Despite its failure to arrive at Leyte on Tuesday, July 31, the Indianapolis was not reported lost or even late by the Navy. No pilots were alerted to be watching for ships in distress or survivors at sea.
“There was a remarkable thing that these men had done,” Ensign Twible said of Abbott and his fellow survivors bobbing on the sea. “I had seen bravery that I had never seen before and have never seen since. I saw greatness in these men that’s hard to describe. While they themselves were dying they were helping others. I saw men holding up other men while they themselves were sinking lower and lower as far as life was concerned. This greatness that I had seen left an impression on me for the rest of my life.”
While the men were equipped with life jackets that were designed to sustain buoyancy for up to three days most held up for four days.
“It’s true that after about 48 hours the wearer had sunk low enough in the water so that if his head fell forward he would drown,” Capt. McVay said. “Consequently, the people had to look out for one another. One tried to sleep while the other watched him. Very little sleeping was done the first 48 hours, but after that the people became so exhausted that they would drop off to sleep.”
One of Stan Abbott’s friends and shipmate Robert Schafer wrote Abbott’s parents in 1946 long after the Navy had given up the Trimble lad as lost at sea. Schafer, Abbott and another friend, Stuart Whalen, had all been floating in the same group after their ship went down.
“I am grieved to tell you that I know George is dead,” Schafer wrote. “I saw him and Whalen both die on the third day after we were shipwrecked. We were all just floating around in life jackets” in the oil slick and scum. Schafer estimated the group had been adrift for 30 miles. Abbott and Whalen “died from exhaustion and exposure. I saw (George) die. He just gave out. He couldn’t make it any longer. I think he was not suffering. He just went to sleep and never woke up and so did Stuart.”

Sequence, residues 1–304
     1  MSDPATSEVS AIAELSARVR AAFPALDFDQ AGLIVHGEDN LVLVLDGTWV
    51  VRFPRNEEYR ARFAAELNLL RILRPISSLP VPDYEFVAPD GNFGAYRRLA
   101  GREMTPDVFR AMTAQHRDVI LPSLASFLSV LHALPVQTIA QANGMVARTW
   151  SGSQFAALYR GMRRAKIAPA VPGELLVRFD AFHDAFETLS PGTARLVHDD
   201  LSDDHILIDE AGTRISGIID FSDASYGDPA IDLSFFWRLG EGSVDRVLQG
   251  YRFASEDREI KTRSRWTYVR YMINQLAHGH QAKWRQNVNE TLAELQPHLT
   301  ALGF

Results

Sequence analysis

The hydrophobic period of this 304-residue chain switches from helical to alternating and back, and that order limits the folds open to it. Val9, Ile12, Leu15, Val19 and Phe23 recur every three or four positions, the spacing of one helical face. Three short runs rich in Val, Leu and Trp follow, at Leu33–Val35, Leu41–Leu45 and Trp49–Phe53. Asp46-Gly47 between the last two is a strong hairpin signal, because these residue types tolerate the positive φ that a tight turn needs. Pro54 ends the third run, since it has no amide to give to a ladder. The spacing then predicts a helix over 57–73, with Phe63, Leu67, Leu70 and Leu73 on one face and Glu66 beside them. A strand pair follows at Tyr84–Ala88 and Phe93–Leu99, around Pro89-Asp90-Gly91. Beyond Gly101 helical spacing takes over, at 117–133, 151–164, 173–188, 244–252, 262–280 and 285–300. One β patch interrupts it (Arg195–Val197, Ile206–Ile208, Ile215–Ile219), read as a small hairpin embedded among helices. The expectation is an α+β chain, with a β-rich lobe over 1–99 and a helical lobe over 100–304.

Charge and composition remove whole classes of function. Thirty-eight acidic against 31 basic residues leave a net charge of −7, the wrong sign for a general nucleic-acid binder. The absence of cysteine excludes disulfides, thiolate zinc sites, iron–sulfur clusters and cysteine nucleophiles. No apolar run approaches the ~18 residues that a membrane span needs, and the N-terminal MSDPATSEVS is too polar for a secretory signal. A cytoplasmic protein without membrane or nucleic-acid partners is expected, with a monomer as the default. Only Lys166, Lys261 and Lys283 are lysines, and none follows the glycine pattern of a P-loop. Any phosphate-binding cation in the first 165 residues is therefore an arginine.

A day later a pilot spotted the oil slick and men being attacked by sharks in the water. Of the 1,196 men aboard the U.S.S. Indianapolis when she was torpedoed in the early morning hours of July 30, 1945, only 317 were retrieved alive from the sea. A week after the last of the survivors were pulled from the mouth of Davy Jones’s locker Japan surrendered.
Abbott’s parents received a telegram from the Navy on Sept. 20 that their son was reported killed in action on July 30. The telegram arrived a little more than a week after what would have been George Stanley Abbott’s 21st birthday.
In a letter to Abbott’s parents, Capt. McVay wrote: “Nothing that I can say will lighten the burden which is yours at this time, but I do want you to know that your son had done his part in the teamwork which made the Indianapolis an efficient fighting unit of the fleet.”
The Trimble Democrat broke the news of Abbott’s loss of life on October 11, 1945, ending the story with the following: “A handsome lad of quiet and pleasant disposition, Stan was popular with young and old alike, and the loss of him and so many other young heroes brings close to home the forceful fact that the survival of our democracy has been purchased at great cost.”
Special thanks to Benny Abbott for sharing the story of his late brother and to the members of the Trimble County Historical Society for making his recent presentation at the Trimble County Library possible.